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This essay describes a change of orientation that has occurred since mid-century with regard to both the provision of federal student financial aid and federal funding of research conducted in higher education institutions. In many ways the earlier federal commitments to advancing the public good through policy mechanisms has given way to an increased reliance on markets as the principal means of achieving societal objectives. The essay explores the question of how higher education can preserve the academic values and processes that are its defining elements in an environment that is less inclined to confer special status to any kind of institution. The worst outcome of all, it says, would be for traditional institutions of higher education to continue with business as usual in the face of this changing environment. Previous Policy Perspectives have stressed the need for universities and colleges to be "mission centered" and "market smart." This essay adds a third imperative: the need for institutions to become more politically savvy. Higher education would do so in part by learning to speak in more of a single voice in Washington, and in part by a concerted effort to explain its values and purpose in terms that resonate more strongly in today's society and among its political leadership.


"The Third Imperative" - Exemplars: "Arizona State University"
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The Arizona Board of Regents had threatened to eliminate tenure in order to make its universities more accountable and more flexible in responding to new societal demands. Leaders at Arizona State University, working with regents as well as faculty members, forged a post-tenure review policy that addresses the concerns of all parties.


"Coming Around"
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This essay focuses on higher education in the state of Florida as part of a broader examination of the context for state and federal policy in an age increasingly dominated by market forces. Over the next decade, the size of the 18-to-24-year-old cohort in Florida is expected to increase by approximately 200,000; the growth of this population is likely to yield an additional 80,000 young men and women who will seek some form of postsecondary education. Like many states, Florida faces the challenge not just of increasing capacity but of improving the quality of undergraduate education its students receive. "Coming Around" stresses the need for public policy that brings about educational results that market forces in themselves cannot achieve. Among its recommendations are: the need for greater mission differentiation among institutions; the need for truth in pricing; the need to define learning outcomes and gauge the success of institutions in meeting those goals; the need for better coordination between the state's policy on higher education and the needs of the business community; and the need for public policy that considers Florida's independent institutions as an integral part of the state's system of higher education.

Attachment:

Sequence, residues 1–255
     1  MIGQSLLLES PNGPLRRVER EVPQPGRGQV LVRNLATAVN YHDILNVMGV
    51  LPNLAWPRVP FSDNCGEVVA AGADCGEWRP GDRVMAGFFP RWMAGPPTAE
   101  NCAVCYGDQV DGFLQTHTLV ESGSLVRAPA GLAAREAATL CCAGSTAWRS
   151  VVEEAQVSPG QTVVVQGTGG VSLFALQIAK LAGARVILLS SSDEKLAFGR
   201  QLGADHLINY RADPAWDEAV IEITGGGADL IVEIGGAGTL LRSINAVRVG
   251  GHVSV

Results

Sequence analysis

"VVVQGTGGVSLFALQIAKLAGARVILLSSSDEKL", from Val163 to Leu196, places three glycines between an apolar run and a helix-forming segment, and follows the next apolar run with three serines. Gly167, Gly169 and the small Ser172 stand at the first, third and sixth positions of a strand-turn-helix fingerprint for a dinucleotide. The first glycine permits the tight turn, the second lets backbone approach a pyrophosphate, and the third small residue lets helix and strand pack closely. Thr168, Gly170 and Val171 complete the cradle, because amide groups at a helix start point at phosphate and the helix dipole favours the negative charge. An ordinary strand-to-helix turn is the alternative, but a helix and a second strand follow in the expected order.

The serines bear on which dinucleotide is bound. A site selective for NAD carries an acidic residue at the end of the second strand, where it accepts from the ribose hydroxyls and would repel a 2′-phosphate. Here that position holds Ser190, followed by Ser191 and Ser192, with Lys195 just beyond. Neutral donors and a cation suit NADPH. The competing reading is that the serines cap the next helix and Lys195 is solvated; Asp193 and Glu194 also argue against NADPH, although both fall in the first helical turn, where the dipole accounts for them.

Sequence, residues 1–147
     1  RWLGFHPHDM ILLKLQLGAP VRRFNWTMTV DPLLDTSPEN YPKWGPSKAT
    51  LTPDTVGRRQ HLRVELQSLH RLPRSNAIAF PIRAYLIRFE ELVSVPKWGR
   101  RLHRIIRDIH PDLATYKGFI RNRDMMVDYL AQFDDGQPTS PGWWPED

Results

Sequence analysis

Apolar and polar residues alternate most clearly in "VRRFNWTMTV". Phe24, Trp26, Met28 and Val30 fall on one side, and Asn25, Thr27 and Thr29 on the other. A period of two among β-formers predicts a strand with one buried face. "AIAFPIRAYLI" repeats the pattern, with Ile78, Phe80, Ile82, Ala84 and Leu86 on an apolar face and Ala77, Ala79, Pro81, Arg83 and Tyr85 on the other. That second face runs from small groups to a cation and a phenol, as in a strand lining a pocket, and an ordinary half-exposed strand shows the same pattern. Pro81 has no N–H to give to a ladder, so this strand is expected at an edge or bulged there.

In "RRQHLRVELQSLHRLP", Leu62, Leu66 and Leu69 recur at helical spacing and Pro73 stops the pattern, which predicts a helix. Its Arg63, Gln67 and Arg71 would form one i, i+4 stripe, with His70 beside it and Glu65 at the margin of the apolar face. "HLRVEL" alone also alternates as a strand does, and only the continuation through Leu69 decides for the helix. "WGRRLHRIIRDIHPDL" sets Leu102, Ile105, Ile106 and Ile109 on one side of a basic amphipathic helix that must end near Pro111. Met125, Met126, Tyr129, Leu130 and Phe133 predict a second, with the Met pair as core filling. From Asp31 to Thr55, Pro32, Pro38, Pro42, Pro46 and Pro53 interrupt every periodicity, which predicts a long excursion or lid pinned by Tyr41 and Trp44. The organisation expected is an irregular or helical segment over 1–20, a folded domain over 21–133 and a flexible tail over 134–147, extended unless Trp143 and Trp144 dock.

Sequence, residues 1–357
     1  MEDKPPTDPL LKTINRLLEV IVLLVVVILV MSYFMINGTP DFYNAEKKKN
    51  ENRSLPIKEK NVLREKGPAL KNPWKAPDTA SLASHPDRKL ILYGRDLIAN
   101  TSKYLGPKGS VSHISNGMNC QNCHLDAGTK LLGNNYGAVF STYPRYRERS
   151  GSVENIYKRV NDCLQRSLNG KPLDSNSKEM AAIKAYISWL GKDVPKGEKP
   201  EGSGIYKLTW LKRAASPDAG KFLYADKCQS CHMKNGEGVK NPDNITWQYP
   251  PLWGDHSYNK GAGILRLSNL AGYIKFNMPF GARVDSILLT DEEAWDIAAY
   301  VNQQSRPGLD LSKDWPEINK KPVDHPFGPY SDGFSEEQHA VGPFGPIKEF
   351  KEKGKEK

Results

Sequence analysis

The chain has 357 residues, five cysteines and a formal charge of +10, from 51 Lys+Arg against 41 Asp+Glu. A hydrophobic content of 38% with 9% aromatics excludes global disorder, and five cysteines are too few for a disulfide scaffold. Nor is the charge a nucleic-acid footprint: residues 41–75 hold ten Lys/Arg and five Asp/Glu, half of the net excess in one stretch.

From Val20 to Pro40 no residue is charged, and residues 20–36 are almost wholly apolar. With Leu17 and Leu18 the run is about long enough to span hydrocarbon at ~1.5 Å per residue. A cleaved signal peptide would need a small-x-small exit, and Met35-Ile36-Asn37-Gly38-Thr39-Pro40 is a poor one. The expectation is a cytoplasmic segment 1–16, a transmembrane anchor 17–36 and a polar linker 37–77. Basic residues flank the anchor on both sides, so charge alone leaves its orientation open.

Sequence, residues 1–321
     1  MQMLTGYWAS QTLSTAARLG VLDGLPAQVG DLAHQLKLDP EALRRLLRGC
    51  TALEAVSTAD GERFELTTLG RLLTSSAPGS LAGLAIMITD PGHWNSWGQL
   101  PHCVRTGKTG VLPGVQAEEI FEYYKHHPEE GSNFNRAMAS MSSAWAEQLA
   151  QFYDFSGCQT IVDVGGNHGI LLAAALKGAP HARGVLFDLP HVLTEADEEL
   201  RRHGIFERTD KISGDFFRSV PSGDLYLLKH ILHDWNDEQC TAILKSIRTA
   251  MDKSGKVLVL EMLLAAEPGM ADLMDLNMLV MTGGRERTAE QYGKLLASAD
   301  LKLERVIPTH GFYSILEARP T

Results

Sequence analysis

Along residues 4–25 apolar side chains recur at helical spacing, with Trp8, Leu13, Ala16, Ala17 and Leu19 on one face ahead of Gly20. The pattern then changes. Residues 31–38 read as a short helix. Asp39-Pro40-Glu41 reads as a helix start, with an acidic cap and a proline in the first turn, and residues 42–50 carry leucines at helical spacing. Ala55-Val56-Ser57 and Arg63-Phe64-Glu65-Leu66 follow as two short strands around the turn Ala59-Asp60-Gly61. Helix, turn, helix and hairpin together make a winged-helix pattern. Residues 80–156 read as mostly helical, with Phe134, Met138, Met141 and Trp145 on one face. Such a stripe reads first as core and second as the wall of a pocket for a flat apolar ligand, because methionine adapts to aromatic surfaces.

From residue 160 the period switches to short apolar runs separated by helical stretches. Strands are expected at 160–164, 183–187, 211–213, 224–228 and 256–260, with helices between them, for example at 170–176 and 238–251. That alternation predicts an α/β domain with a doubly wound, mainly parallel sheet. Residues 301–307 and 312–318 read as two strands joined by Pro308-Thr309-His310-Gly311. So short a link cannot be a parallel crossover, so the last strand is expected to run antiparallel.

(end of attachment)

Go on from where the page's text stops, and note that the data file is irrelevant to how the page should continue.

"Coming Around" - Exemplars: "Wheaton College"
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To overcome a long-standing division between faculty and administration over the issue of faculty salary, Wheaton College created a "profit-sharing" plan that adjusts faculty salary in relation to the institution's financial well-being.


"A Lens to the Enterprise"
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The transformations that have occurred in health care through the 1980s and 90s offer insights of several kinds to higher education. This essay draws a series of lessons from the experience of community-based medical schools and clinical campuses in the United States. These smaller settings are in many ways the liberal arts colleges of the medical landscape; in an age when research capacity and greater size confer competitive advantage, there are increasing challenges to maintaining a smaller learning environment that stresses education and service. Founded in the 1970s, these community-based medical schools and clinical campuses exemplify ways in which institutions of higher education can maintain vitality after a change occurs in the political and economic conditions that gave rise to their founding. Major lessons include: the need to resolve the dichotomy in a mission that includes a commitment to research as well as to teaching and clinical practice; the need to develop alternative conceptions of faculty roles, responsibilities, evaluation, and reward; and the need to develop strategic partnerships that help an institution to serve more effectively a local community or region, as well as an extended constituency.